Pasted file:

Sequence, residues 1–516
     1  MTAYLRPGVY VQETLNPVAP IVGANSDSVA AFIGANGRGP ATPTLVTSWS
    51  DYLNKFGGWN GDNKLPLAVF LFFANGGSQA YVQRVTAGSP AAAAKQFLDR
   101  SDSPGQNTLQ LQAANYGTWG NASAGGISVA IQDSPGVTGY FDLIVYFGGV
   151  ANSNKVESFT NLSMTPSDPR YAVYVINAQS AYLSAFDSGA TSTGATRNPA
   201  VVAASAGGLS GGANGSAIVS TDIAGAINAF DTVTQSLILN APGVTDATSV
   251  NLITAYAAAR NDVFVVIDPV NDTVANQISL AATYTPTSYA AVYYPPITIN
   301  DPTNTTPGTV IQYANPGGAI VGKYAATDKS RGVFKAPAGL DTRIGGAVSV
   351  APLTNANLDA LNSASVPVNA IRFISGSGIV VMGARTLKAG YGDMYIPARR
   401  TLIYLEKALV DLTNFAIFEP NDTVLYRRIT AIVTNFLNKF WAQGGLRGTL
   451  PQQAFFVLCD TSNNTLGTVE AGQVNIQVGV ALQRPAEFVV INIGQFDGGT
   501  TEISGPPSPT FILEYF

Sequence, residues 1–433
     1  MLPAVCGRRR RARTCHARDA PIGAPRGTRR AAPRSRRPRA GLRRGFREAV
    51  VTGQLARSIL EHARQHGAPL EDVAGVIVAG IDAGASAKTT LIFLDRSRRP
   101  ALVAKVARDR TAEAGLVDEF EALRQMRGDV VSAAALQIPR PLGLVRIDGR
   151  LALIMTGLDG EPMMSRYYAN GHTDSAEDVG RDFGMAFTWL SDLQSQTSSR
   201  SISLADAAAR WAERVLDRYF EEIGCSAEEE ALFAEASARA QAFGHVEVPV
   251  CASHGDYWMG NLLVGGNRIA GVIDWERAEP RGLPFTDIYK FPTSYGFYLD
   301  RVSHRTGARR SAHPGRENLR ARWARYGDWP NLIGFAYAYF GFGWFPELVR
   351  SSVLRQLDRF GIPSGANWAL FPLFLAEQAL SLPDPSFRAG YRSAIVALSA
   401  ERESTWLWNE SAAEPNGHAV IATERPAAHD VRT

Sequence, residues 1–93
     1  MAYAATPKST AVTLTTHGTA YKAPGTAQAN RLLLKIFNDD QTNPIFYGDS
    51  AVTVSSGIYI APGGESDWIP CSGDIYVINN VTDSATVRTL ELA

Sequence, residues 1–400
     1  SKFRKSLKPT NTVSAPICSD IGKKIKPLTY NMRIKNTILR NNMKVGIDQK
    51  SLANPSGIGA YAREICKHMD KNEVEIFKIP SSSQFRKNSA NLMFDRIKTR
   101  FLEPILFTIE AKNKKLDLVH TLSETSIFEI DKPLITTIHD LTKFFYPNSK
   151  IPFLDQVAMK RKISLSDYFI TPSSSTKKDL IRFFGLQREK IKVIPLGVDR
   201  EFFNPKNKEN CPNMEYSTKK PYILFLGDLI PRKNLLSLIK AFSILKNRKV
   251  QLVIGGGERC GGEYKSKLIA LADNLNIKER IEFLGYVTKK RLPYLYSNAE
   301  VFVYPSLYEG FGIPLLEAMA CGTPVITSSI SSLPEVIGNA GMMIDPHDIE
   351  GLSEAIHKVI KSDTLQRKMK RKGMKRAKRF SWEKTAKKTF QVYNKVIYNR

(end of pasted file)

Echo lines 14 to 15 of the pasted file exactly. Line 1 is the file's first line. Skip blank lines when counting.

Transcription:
     1  MLPAVCGRRR RARTCHARDA PIGAPRGTRR AAPRSRRPRA GLRRGFREAV
    51  VTGQLARSIL EHARQHGAPL EDVAGVIVAG IDAGASAKTT LIFLDRSRRP